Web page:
Whenever I tell anyone I research e-cigarettes, they almost always have a viewpoint about them. Some will be vapers themselves, and those who are will almost without fail sing the praises of the device that finally helped them stop smoking. But often people who’ve never tried e-cigarettes will focus on the potential risks from utilizing them, and in particular whether they’re likely to reintroduce smoking to a young generation who have been steadily shunning it in larger and larger numbers over recent decades. A certain fear is that young adults will test out e-cigarettes and that this will be a gateway in to smoking, along with fears around the harms from e-cigarettes themselves.
A recently available detailed study of more than 60,000 UK 11-16 year olds found that young people who try out e-cigarettes are often those who already smoke cigarettes, and even then experimentation mostly doesn’t translate to regular use. Not just that, but smoking rates among young adults in the united kingdom are still declining. Studies conducted currently investigating the gateway hypothesis that vaping results in smoking have tended to check out whether having ever tried an e-cigarette predicts later smoking. But younger people who try out e-cigarettes will probably be distinct from people who don’t in a lot of alternative methods – maybe they’re just more keen to take risks, which will also boost the likelihood that they’d try out cigarettes too, whether or not they’d used e-cigarettes.
Although you will find a small minority of young adults that do start to use e-cigarettes without previously as being a smoker, as yet there’s little evidence this then increases the potential risk of them becoming E Cigarettes Review. Enhance this reports from Public Health England that have concluded e-cigarettes are 95% safer than smoking, and you will think that might be the final from the fear surrounding them.
But e-cigarettes have really divided the public health community, with researchers who may have the common goal of reducing the levels of smoking and smoking-related harm suddenly finding themselves on opposite sides in the debate. This is concerning, and partly because in a relative dearth of research on the devices the same findings are used by each side to support and criticise e-cigarettes. And all of this disagreement is playing in the media, meaning an unclear picture of what we understand (and don’t know) about e-cigarettes has been portrayed, with vapers feeling persecuted and people who have not even made an effort to quit mistakenly believing that there’s no part of switching, as e-cigarettes might be just like harmful as smoking.
An unexpected consequence of this may be it causes it to be harder to perform the very research needed to elucidate longer-term effects of e-cigarettes. Which is something we’re experiencing while we try to recruit for the current study. Our company is conducting a research project funded by CRUK, where we’re collecting saliva samples from smokers, vapers and non-smokers. We’re taking a look at DNA methylation, a biological marker that influences gene expression. It’s been shown that smokers possess a distinct methylation profile, in comparison to non-smokers, and it’s possible that these changes in methylation may be linked to the increased risk of harm from smoking – for example cancer risk. Even if the methylation changes don’t make the increased risk, they could be a marker of it. We want to compare the patterns noticed in smokers and non-smokers with the ones from e-cigarette users, potentially giving us some insight into the long-term impact of vaping, without having to watch for time for you to elapse. Methylation changes happen relatively quickly as compared to the start of chronic illnesses.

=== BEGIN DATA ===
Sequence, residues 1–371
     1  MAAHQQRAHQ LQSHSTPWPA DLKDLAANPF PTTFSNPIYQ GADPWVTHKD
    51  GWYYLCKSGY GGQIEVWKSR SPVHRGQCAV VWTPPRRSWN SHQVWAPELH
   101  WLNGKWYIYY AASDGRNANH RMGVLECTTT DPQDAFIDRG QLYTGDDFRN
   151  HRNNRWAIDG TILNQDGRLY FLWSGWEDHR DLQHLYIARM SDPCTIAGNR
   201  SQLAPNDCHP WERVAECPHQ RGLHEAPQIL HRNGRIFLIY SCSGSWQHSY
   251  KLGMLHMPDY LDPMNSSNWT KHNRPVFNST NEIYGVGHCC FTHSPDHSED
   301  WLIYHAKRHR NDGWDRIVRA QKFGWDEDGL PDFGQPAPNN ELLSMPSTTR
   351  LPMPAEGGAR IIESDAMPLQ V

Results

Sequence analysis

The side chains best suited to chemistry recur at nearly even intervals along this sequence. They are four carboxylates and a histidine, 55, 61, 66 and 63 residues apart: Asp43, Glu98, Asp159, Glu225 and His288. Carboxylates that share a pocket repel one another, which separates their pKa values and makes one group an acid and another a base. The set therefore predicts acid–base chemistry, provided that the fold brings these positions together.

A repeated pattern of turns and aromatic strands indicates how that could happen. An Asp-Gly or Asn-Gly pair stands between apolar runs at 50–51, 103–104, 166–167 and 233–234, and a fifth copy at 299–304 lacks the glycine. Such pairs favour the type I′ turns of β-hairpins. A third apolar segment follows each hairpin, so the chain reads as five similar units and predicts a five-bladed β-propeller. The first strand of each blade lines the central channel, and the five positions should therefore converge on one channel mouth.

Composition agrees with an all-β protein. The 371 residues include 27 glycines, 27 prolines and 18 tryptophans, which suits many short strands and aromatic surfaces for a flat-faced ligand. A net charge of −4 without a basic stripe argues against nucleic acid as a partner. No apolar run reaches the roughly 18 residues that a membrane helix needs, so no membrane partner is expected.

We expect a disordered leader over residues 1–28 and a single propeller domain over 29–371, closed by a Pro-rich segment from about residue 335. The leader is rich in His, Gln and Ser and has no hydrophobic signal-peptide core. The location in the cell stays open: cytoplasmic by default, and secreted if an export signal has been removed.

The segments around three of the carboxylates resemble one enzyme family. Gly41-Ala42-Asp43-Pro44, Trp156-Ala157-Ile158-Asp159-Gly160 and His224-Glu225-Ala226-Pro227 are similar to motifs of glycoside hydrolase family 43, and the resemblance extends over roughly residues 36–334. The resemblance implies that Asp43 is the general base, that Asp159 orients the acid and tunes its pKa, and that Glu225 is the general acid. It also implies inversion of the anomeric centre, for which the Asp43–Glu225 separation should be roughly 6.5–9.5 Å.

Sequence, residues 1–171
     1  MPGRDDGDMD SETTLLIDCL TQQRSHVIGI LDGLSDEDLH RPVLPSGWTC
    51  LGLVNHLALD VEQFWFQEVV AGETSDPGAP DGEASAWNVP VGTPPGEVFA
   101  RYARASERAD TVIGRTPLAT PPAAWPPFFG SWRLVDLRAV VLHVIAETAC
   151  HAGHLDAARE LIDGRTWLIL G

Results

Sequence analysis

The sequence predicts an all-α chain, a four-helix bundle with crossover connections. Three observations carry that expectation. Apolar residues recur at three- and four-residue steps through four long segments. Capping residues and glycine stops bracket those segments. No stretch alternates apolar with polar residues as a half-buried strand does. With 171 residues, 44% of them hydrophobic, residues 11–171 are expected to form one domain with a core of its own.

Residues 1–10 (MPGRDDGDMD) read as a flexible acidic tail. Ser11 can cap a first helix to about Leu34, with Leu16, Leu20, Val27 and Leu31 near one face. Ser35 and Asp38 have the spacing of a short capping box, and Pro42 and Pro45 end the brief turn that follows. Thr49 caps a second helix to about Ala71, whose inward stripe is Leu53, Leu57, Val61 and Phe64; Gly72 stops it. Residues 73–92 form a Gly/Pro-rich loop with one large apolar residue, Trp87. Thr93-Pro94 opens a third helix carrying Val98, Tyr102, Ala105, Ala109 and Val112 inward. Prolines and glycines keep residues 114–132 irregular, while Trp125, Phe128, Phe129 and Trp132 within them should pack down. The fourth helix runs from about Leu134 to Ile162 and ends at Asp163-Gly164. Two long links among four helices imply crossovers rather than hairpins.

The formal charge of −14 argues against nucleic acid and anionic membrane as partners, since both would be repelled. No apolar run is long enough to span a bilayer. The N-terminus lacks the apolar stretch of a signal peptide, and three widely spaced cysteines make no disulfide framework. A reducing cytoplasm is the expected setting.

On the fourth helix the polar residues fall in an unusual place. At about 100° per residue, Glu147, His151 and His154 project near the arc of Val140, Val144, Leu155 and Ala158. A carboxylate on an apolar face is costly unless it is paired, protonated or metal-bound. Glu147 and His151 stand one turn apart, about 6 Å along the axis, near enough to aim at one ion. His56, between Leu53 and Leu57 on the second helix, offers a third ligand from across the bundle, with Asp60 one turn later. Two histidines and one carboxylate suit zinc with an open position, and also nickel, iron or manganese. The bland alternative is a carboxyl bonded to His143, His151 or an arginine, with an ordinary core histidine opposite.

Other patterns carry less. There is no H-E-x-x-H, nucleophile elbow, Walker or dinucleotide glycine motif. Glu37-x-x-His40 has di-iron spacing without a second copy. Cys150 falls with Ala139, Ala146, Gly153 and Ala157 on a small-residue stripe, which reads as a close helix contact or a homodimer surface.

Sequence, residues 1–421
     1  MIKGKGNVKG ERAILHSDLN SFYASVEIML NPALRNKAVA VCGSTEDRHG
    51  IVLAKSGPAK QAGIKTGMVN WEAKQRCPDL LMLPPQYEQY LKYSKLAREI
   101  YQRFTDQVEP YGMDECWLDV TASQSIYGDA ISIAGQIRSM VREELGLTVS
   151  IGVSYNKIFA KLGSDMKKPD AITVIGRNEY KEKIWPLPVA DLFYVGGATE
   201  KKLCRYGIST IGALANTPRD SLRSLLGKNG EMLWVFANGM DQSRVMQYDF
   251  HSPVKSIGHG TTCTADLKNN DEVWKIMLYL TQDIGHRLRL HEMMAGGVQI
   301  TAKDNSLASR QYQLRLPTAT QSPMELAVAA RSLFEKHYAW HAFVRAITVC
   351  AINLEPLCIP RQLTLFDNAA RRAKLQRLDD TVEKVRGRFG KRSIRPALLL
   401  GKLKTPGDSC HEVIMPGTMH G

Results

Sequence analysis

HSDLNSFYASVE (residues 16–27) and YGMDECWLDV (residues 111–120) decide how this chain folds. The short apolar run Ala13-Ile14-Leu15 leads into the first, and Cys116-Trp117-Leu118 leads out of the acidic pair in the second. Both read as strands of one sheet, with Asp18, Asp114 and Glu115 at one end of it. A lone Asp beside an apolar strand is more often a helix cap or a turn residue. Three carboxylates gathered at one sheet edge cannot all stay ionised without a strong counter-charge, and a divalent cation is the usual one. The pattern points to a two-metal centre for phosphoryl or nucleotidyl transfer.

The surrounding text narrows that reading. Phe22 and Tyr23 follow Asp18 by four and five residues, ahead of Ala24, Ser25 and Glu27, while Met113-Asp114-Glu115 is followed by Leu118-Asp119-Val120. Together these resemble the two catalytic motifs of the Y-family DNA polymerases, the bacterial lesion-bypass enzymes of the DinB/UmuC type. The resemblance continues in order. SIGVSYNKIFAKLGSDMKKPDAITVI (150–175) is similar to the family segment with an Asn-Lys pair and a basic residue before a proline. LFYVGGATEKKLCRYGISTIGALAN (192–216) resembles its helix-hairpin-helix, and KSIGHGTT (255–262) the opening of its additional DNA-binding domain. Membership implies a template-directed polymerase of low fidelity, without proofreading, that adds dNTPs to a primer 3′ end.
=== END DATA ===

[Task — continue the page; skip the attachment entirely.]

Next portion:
Portion of the difficulty with this particular is the fact we know that smokers and ex-smokers possess a distinct methylation pattern, and that we don’t want this clouding any pattern from vaping, which suggests we have to recruit vapers who’ve never (or certainly only rarely) smoked. And also this is proving challenging for just two reasons. Firstly, as borne out from the recent research, it’s unusual for folks who’ve never smoked cigarettes to consider up regular vaping. Yes, maybe they’ll experiment, but that doesn’t necessarily cause an e-cigarette habit.
But in addition to that, an unexpected problem has become the unwillingness of some within the vaping community to aid us recruit. And they’re delay because of fears that whatever we discover, the results will be utilized to paint a poor picture of vaping, and vapers, by people who have an agenda to push. I don’t want to downplay the extreme helpfulness of plenty of kbajyo within the vaping community in aiding us to recruit – thanks a lot, you know what you are about. However I was disheartened to learn that for some, the misinformation and scaremongering around vaping has reached the point where they’re opting from the research entirely. And after talking with people directly relating to this, it’s tough to criticize their reasoning. We have now also found that several e-cigarette retailers were immune to setting up posters hoping to recruit people who’d never smoked, because they didn’t want to be seen to be promoting e-cigarette use within people who’d never smoked, which can be again completely understandable and really should be applauded.
Exactly what can perform concerning this? Hopefully as increasing numbers of scientific studies are conducted, and that we get clearer info on e-cigarettes ability to act as a smoking cessation tool, the disagreement around them will disappear. Until then, Hopefully vapers still agree to take part in research therefore we can fully explore the potential for these products, specifically those rare “unicorns” who vape but have never smoked, as they could be crucial to helping us comprehend the impact of vaping, when compared with smoking.